When I was a child, my mum was a horror fan. The films were kept in plain sight on VHS tapes that went into the top-loader, but I was always warned, “Don’t ever watch that; it’ll upset you and give you bad dreams. It’s very scary.” So I never did, but I was intrigued. We’d go to the video rental store and I’d stand for as long as I could get away with it staring at the shelves that held the horror films. Predictably, I grew into quite the horror fan. One of the films I was never allowed to watch was Polanski’s Repulsion. Still now, my mum (who these days refuses to watch anything beyond a 12 certificate, and blames herself entirely for my errant viewing habits – rightly so, let’s face it) talks of Repulsion in a way that fascinates me. (Here’s the trailer.) So today I watched it, and this is what I thought.

Catherine Deneuve plays Carol in Polanski's Repulsion. Image source.

Catherine Deneuve plays Carol in Polanski’s Repulsion. Image source.

Unsettling from the outset, albeit grainy, muffled and technically dated, it’s clear that Repulsion was ahead of its time. Controversial though Polanski’s private life might be (please don’t think that’s all the thought I’ve given to this aspect of the man), he is nonetheless a mesmeric film maker. Be it Rosemary’s Baby, Tess, Macbeth or Repulsion, it feels impossible not to be compelled by something really quite repellent.

The epitome of innocence, beauty and sexuality, Catherine Deneuve as Carol is hypnotic to watch. Consequently, the viewer accompanies her on her tortured descent into murderous madness.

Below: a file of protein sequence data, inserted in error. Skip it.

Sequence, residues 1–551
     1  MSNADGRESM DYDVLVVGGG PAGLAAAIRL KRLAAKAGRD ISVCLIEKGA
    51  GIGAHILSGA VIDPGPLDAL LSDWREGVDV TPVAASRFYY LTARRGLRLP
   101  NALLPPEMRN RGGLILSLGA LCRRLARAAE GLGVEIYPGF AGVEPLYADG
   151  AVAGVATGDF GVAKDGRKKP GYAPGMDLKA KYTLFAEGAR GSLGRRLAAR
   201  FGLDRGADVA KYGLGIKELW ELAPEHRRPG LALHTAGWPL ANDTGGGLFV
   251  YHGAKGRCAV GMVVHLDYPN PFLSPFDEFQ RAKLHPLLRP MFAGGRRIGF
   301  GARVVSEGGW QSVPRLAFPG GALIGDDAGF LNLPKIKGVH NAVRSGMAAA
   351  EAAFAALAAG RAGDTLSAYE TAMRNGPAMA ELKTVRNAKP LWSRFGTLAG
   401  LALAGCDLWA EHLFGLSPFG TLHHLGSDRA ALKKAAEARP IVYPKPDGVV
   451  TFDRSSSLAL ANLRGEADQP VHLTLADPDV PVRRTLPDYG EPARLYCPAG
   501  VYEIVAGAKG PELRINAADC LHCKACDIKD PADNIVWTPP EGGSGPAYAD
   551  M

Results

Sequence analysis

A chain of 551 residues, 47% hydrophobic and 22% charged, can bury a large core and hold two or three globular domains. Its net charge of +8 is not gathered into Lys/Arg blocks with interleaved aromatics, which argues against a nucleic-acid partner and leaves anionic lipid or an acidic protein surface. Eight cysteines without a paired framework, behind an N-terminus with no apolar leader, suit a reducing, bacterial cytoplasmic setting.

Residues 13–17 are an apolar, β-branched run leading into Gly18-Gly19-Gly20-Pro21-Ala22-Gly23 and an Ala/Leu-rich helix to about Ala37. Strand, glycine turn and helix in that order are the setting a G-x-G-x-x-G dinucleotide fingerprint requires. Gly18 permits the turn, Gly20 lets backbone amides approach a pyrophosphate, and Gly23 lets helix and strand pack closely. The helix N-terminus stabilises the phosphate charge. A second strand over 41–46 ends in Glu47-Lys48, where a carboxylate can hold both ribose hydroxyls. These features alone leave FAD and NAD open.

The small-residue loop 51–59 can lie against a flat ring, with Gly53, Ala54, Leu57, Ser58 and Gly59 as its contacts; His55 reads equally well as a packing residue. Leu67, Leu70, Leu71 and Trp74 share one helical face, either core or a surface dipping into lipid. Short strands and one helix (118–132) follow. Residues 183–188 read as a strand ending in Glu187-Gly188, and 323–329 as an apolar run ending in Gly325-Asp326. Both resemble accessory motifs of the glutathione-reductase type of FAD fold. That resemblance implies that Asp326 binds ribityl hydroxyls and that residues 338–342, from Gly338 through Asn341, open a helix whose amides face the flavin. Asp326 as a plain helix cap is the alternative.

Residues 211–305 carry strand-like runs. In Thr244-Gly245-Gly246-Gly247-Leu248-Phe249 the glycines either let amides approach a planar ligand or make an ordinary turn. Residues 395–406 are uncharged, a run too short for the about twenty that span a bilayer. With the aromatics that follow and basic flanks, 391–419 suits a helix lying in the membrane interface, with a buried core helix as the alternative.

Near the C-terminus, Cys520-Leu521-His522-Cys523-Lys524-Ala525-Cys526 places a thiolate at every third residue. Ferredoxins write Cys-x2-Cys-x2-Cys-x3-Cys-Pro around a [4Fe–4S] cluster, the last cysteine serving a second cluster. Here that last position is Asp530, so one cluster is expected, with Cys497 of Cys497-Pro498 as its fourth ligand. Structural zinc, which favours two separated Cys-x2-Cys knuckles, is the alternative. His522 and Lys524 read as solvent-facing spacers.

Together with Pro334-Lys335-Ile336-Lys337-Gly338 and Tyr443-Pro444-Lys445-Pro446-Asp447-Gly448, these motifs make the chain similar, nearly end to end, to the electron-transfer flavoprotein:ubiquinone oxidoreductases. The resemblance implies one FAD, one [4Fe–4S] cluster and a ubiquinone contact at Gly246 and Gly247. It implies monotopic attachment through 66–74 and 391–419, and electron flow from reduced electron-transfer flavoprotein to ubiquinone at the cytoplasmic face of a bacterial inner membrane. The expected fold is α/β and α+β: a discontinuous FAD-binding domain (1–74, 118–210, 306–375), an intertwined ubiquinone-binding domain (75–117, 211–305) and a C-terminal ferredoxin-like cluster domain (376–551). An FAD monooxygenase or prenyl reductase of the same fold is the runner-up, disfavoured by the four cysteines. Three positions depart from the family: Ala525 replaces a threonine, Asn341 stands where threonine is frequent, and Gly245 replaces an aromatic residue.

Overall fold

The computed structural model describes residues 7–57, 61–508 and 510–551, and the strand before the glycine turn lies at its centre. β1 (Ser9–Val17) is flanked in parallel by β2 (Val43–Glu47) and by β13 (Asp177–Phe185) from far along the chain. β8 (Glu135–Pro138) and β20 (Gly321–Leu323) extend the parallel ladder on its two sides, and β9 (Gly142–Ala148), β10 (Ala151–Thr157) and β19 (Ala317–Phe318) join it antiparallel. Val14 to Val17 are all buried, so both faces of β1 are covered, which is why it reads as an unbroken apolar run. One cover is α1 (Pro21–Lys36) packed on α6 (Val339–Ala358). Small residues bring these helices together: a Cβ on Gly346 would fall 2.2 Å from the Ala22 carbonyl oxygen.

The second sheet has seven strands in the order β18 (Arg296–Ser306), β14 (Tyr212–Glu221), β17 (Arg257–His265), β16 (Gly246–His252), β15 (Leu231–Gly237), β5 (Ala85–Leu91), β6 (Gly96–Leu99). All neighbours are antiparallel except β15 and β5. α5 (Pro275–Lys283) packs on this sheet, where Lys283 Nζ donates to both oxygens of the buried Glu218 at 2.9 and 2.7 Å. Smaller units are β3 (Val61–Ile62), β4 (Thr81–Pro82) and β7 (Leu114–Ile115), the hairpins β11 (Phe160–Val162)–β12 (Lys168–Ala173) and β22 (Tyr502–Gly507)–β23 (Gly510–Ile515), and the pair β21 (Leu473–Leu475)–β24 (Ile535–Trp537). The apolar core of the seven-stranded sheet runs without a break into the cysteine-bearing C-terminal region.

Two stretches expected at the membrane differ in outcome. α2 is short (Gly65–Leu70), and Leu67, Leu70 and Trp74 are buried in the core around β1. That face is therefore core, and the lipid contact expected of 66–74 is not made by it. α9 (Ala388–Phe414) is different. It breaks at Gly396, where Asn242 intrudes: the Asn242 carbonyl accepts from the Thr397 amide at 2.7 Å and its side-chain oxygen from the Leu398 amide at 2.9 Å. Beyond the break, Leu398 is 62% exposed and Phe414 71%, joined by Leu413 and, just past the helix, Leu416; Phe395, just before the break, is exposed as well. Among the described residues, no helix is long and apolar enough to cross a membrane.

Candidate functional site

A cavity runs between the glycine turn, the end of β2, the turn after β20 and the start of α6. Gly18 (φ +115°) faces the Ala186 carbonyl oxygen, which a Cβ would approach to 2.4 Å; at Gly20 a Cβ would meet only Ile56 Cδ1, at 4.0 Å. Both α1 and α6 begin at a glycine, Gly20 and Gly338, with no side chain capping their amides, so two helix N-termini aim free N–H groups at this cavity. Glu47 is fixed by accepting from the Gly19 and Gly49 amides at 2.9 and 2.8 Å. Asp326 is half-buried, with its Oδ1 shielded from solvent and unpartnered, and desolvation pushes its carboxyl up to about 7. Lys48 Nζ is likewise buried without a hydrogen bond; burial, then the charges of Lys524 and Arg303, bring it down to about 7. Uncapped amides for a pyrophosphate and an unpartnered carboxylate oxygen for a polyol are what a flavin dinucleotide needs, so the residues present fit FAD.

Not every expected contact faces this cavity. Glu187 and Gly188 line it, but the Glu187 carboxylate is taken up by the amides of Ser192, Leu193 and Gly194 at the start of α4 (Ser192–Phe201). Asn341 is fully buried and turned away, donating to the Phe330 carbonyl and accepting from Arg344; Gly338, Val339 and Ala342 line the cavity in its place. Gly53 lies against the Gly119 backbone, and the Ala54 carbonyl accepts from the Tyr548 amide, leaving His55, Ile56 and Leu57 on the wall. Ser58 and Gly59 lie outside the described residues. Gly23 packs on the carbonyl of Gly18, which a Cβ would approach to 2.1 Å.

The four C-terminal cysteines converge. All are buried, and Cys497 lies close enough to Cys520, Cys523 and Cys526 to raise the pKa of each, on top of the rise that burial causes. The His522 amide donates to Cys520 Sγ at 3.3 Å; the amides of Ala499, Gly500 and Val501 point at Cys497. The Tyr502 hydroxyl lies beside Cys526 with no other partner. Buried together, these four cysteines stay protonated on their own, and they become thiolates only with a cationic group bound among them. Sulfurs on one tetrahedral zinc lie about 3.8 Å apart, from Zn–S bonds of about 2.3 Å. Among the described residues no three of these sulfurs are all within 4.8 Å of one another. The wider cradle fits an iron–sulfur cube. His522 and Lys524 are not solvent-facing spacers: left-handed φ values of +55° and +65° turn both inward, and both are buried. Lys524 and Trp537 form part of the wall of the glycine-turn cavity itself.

By the time Carol’s claustrophobia is shown in the now infamous hallucination scene where hands seep from the apartment’s cracked walls to molest her body, I’d reached the point of wanting to see Carol wreak bloody revenge.

 

It’s impossible to feel sympathetic towards any of the male characters who form the ride through which Deneuve effortlessly guides us – a feat not easily achieved in 1965 when leers at women from strangers were far more the accepted norm. The builder who harasses Carol on the street in the film’s opening shots appears later as the rapist of her nightmare. Then there are the vile, misogyny-spouting men in the bar, Carol’s sister’s abusive boyfriend, the frustrated suitor, and the gropey awfulness of the sweaty landlord (“poor little girl all by herself…all shaking like a little frightened animal”). By the time Carol’s claustrophobia is shown in the now infamous hallucination scene where hands seep from the apartment’s cracked walls to molest her body, I’d reached the point of wanting to see her wreak bloody revenge. And so she does, horribly.

Like Mia Farrow in Rosemary’s Baby, Deneuve makes Repulsion gripping viewing. I can even forgive Polanski the obligatory “you can tell she’s bonkers because she’s putting on her lipstick all wobbly” scene. I’m prepared to believe he was the first to do it.

Arguably a pre-cursor to films such as Meir Zarchi’s I Spit On Your Grave (1978), Brian De Palma’s Carrie (1978), Lucky McKee’s The Woman (2011) and so many other “woman’s descent into madness” movies, use Repulsion as the yardstick against which to measure all others – there are a lot of them out there. This one is on her side.

LTSmagazine About LTSmagazine
An online magazine that cares about stuff, laughs about stuff, and wants you to feel good about stuff. Life's too short.